For years now I have argued that no self-respecting gay individual could be a Republican unless they were (i) greed driven and obsessed with not paying taxes, (ii) openly racist, or (iii) suffering from deep seated internalized homophobia. Now, a similar argument can be made about women who remain in and/or support GOP notwithstanding all of the anti-woman Republicans starting with Donald Trump and ranging to all of his male apologists. To Trump and his male defenders, women are merely an object to be possessed and used by men. They are second class citizens who some in the far right would like to even see disenfranchised, a sentiment that will increase if women overwhelmingly support Hillary Clinton on November 8, 2016. It is one thing to admire a woman's beauty - or a man's beauty as in this blog's male beauty posts - and something far different and uglier to see them merely as victims to be grabbed and assaulted at will to gratify a male's pathetic ego. A piece in the New York Times looks at how many women in the GOP may be about to finally say "enough!" Here are highlights:
Donald J. Trump has polarized men and women, with the sexes parting ways to such a degree that Election Day could produce the biggest gender gap in decades.And now that division is being amplified by a gender war in the Republican Party itself. Men and women are taking sides over accusations of Mr. Trump’s mistreatment of women, with the latest controversy a blistering exchange between Newt Gingrich and Megyn Kelly of Fox News.
Increasing numbers of Republican women have turned on their party’s male leaders for defending Mr. Trump against accusations that he groped or forcibly kissed more than 10 women. Many are complaining publicly that for years, they stood up for the party against Democrats who accused it of pursuing a “war on women.” They are unable to do so any longer, they say, and they see hypocrisy in Republican men rallying behind Mr. Trump after the same leaders for years accused former President Bill Clinton of predatory behavior.
“These are spineless men,” said Brittany Pounders, a Republican activist and political blogger from Houston.
The latest CBS News poll, released last week, found that Hillary Clinton held a 19-percentage-point lead over Mr. Trump among women likely to vote. Among Republican women, 79 percent supported Mr. Trump. That was far below the 93 percent of Republican women who voted for Mitt Romney in 2012.
Republican strategists with an expertise in reaching women are anxious that Mr. Trump’s candidacy will damage the party’s ability to appeal to them for years to come.
“I think we’ll see a lot of women walk away from the party over this,” said Katie Packer, who was Mr. Romney’s deputy campaign manager. “What you’re seeing is 20 years, 30 years of frustration coming together and really, really compounded in the last couple of weeks.”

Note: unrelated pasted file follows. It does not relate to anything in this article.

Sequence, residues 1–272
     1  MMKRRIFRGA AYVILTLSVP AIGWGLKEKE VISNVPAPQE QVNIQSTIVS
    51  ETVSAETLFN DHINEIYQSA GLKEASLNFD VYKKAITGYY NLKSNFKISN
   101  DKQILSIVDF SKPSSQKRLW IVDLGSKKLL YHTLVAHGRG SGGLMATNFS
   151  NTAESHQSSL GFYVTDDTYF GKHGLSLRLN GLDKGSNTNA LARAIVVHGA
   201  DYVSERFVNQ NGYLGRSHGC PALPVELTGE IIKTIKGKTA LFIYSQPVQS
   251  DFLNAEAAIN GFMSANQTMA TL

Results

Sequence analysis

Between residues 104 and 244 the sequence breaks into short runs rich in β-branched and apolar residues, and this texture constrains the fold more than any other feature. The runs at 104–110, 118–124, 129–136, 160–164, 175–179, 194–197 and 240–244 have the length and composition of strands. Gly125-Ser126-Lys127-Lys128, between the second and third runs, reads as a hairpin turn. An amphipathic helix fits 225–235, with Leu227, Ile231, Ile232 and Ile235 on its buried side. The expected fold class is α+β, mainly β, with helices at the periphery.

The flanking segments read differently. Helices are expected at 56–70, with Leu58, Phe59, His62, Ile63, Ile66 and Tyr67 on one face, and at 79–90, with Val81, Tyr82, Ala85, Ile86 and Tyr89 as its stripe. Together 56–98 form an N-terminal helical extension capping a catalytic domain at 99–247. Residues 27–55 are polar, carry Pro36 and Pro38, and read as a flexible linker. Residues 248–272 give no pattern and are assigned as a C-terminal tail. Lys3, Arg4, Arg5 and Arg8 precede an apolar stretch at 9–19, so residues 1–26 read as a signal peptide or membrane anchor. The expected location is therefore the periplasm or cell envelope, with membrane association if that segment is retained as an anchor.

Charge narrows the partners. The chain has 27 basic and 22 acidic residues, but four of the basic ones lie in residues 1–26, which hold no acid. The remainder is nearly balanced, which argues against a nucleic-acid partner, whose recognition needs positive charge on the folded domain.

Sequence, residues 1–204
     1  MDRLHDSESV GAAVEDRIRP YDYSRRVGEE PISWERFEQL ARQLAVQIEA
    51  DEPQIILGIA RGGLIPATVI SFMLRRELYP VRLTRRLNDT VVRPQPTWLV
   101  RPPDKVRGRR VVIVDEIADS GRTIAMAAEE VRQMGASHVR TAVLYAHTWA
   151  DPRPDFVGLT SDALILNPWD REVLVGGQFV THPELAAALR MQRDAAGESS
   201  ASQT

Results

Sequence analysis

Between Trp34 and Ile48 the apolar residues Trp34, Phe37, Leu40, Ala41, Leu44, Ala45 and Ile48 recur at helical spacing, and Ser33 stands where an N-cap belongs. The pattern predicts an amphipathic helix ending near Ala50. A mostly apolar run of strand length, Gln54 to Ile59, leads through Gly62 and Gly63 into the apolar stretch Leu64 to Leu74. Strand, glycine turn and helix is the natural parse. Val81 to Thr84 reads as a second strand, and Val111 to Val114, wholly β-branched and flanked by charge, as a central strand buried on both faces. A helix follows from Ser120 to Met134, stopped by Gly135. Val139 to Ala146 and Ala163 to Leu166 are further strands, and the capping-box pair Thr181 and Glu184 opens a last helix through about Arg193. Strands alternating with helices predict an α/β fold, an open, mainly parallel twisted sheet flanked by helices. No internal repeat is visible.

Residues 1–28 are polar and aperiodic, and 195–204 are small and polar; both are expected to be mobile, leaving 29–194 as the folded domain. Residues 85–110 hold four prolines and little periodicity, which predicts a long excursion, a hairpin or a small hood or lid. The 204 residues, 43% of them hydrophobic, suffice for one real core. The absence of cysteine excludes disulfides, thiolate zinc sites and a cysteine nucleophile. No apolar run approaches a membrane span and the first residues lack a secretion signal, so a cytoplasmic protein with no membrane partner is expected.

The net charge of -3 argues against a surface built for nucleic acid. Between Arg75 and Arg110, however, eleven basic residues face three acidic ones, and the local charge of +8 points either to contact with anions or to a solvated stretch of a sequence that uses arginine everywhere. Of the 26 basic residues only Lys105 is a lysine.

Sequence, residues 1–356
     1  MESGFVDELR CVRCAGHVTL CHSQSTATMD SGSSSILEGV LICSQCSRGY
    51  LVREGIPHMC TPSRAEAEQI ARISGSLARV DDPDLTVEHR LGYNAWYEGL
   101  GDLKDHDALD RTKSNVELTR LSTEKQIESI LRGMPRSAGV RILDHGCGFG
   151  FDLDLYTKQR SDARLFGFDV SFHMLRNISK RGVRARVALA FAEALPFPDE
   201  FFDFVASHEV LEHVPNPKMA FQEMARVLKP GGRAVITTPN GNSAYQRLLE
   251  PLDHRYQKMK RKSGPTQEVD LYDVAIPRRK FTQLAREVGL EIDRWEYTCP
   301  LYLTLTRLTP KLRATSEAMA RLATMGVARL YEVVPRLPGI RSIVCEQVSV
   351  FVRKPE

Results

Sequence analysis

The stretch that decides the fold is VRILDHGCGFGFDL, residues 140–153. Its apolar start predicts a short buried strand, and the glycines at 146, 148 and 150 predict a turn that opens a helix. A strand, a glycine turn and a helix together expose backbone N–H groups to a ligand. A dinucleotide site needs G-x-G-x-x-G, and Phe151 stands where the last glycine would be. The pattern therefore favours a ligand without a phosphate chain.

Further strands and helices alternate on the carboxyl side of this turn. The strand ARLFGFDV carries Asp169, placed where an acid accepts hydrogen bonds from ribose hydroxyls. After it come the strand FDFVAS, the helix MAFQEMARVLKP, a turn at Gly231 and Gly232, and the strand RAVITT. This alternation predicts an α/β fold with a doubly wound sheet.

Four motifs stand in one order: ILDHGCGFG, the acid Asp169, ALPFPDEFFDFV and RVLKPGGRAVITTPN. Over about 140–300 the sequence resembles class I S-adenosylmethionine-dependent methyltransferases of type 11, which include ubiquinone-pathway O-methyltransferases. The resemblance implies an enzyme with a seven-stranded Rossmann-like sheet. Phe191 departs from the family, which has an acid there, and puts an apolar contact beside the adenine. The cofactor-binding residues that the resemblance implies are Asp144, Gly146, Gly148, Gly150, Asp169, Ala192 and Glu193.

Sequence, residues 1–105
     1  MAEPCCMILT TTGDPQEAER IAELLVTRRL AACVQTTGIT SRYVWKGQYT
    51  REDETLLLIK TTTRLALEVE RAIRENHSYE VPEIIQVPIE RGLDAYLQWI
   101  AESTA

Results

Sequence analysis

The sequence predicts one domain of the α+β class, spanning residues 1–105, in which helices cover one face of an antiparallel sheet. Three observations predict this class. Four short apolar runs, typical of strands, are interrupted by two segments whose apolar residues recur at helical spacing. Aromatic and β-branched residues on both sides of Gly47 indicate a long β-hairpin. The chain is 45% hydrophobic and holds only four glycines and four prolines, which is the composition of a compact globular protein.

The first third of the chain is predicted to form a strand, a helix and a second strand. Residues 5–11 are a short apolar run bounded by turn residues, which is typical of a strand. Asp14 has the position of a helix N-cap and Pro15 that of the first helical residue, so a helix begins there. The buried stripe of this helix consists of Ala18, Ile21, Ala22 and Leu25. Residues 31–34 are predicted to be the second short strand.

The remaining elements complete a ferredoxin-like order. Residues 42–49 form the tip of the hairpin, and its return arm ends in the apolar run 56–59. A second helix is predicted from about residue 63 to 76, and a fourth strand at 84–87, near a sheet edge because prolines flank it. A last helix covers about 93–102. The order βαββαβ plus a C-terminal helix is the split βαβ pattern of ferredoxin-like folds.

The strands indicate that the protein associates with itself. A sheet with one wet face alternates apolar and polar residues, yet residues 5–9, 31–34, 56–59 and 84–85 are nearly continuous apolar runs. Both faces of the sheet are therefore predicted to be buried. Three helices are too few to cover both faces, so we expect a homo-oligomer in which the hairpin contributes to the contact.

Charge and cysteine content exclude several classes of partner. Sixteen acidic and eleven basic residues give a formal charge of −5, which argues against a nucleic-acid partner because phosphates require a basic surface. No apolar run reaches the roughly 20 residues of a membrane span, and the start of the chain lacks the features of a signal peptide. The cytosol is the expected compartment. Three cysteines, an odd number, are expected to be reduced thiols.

“Men on our team don’t get how serious this is,” she said. “I think we’re all kind of disgusted that they don’t get that.”
In regions of battleground states with many college-educated Republican women, such as Northern Virginia and the Philadelphia suburbs, Mr. Trump is in peril with these voters long loyal to the party.
Some Republican women are now openly organizing to support Mrs. Clinton. “Being a Republican woman is very different from being a Democratic woman,” said Jennifer Pierotti Lim, who leads a group called Republican Women for Hillary. “This sentiment that Newt Gingrich was speaking to — if you’re a woman, you shouldn’t be offended by these things, you just should think about the issues — that’s pervasive.”
One of them is Wendy Lynn Day, who was pushed out of a leadership role at the Michigan Republican Party last week after refusing to endorse Mr. Trump. She criticized her party’s male leaders, saying that in past years, they had proclaimed that morality and character mattered in a president, but that they were ignoring that principle when it came to Mr. Trump.
“When we stood up and voiced our concerns about Bill Clinton taking advantage of a young intern and allegedly abusing all of those women, we were standing on the moral high ground,” Ms. Day said. “We gave away some of that moral high ground by the way we treated the women who’ve come forward with allegations about Donald Trump.”
“When your leaders come out and make excuses and use biblical analogies to defend and promote Donald Trump,” she added, “that to me crosses a line I’m not comfortable with.”